This is the eleventh entry in the Atheism round of the 2012 Ideological Turing Test for Religion. In this round, the honest answers of atheists are mixed in with Christians’ best efforts to talk like atheists. It’s your job to see if you can spot the difference. The voting link appears at the end of the entry, and you can look at all entries in this round here.
When (if ever) have you deferred to your philosophical or theological system over your intuitions?
I am not of settled mind on a lot of things. Over the years I’ve done a lot of philosophical reading and one of the prime conclusions that I’ve come to (from Kant, Heidegger and others) is that the man who has fully formed a static system of thought and put in the last stone is no longer really living. So I keep my thoughts free, am open to hearing them challenged, and try to consider new ideas with the degree of seriousness they seem to merit. Do I bow absolutely to my “system” when it contradicts an apparent truth? No. My system is not so rigid. Do I recognize that sometimes prejudice blinds us, and that deeply ingrained habits of thought conceal important truths behind a screen of “barbarism” or “obscurantism”? Yes. So I stick to my best judgment, even when it contradicts long-held intuitions, and I try to weigh all things equally with the hope that the truth, ultimately, will win out by virtue of its clarity, simplicity, and completeness.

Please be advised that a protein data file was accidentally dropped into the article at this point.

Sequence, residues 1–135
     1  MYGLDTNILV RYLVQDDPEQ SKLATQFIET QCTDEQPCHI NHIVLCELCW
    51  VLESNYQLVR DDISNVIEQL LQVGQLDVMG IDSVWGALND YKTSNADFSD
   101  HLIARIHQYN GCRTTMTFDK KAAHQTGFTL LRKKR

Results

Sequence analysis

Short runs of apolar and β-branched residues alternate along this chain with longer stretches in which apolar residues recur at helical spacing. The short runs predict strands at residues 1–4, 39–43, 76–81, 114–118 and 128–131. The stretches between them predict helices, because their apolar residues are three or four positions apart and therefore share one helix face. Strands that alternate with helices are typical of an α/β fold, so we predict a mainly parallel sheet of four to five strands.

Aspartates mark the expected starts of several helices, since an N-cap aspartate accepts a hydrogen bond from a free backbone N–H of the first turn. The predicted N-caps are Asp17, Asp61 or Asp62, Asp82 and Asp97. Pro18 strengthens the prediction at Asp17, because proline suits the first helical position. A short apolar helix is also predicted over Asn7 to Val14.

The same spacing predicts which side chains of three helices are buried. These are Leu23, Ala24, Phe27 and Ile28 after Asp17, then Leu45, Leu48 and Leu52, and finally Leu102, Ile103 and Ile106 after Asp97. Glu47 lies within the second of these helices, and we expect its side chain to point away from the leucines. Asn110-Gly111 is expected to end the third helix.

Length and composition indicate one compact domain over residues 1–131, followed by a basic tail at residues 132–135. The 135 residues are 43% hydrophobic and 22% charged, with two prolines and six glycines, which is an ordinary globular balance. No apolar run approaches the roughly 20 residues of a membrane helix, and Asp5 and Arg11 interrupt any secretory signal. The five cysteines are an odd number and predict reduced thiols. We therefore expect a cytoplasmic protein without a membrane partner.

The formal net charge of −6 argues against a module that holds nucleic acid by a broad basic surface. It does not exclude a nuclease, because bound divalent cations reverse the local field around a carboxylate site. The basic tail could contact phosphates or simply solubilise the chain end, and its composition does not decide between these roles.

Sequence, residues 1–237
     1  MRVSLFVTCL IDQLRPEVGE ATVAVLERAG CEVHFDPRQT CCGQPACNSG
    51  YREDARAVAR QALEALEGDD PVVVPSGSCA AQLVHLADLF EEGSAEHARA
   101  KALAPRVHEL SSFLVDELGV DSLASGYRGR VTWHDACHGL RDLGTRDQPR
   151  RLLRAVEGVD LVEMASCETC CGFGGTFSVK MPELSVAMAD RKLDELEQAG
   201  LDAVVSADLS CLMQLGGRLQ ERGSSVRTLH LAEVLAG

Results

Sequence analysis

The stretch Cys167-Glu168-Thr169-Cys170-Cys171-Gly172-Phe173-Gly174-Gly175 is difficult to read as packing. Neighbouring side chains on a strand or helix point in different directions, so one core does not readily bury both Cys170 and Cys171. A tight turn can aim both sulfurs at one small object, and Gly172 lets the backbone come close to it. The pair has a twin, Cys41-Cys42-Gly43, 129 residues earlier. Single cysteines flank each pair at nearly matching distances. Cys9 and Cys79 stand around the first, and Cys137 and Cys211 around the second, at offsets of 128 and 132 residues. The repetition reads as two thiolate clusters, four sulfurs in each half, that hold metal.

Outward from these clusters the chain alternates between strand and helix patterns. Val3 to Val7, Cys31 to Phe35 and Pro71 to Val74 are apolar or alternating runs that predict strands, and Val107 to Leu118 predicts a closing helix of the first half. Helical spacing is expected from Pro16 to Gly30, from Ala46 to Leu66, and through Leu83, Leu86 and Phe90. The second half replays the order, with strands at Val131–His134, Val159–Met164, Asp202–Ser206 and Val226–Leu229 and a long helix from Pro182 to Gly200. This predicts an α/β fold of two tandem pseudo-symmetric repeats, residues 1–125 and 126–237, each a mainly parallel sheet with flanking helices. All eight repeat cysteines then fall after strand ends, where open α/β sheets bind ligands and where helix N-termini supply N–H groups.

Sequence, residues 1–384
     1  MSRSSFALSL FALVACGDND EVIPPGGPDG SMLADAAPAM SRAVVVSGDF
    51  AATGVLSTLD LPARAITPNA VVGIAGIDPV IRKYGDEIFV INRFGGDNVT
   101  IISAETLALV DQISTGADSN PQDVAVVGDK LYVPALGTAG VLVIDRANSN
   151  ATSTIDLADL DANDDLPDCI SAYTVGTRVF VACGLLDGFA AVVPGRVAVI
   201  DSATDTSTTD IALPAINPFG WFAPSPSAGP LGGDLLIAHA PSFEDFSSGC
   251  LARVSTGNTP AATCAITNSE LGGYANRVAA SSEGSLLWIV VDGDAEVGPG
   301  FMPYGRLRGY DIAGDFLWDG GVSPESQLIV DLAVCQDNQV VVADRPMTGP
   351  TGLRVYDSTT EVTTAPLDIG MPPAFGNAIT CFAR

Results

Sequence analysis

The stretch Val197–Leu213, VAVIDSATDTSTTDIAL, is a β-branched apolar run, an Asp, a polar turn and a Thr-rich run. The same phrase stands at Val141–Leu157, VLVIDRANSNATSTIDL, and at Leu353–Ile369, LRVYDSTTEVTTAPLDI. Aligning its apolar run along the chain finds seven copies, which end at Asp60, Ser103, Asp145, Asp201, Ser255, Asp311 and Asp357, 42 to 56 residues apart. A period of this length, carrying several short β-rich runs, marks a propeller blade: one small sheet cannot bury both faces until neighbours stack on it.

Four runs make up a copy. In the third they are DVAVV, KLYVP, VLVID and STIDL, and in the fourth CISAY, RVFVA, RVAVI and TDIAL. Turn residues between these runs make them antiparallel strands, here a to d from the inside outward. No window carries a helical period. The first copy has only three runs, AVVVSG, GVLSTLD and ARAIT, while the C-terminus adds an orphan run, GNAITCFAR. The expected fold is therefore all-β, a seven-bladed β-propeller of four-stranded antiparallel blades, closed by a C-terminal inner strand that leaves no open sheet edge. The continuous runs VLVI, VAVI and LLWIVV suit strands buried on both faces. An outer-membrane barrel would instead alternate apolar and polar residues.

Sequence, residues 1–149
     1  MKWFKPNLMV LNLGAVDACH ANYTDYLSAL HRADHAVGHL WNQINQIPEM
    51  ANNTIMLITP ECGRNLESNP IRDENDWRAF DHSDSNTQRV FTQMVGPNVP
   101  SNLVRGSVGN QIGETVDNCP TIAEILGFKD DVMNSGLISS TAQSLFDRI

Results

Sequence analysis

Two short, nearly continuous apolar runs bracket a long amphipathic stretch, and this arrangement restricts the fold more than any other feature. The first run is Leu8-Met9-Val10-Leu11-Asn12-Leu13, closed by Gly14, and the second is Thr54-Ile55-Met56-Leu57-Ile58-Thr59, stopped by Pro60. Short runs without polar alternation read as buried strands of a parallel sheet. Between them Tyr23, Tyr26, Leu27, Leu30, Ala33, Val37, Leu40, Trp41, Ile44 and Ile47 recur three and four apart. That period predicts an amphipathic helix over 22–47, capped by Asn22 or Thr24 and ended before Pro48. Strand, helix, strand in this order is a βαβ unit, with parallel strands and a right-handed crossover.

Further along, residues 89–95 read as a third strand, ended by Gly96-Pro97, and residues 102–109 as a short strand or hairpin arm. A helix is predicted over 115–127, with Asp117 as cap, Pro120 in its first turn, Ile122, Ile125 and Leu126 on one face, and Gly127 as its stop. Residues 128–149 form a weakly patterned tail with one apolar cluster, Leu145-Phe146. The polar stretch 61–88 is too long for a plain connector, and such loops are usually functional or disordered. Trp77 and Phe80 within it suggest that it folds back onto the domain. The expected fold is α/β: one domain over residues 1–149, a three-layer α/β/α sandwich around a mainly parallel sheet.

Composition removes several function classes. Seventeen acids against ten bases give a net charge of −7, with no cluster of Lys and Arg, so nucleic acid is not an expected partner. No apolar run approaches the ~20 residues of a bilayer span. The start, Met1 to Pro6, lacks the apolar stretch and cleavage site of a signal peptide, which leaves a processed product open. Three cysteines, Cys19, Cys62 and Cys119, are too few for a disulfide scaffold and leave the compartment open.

Are there people whose opinions on morality you trust more than your own? How do you recognize them? How is trusting them different than trusting someone’s opinion on physics?
Can you name any works of art (interpreted pretty broadly: books, music, plays, poetry, mathematical proofs, etc) which really capture the way you see life/fill you with a sense of awe and wonder? You can give a short explanation or just list a few pieces.
I like sprawling landscape paintings, the movie Waking Life, Kurosawa’s Rashomon. Groundhog Day is classic, as is Salman Rushdie’s Midnight’s Children. Nietzsche writes beautifully, even if he was mostly insane, and I’ve benefitted a lot from Foucault’s historical deconstructions, especially the last few chapters of his History of Madness.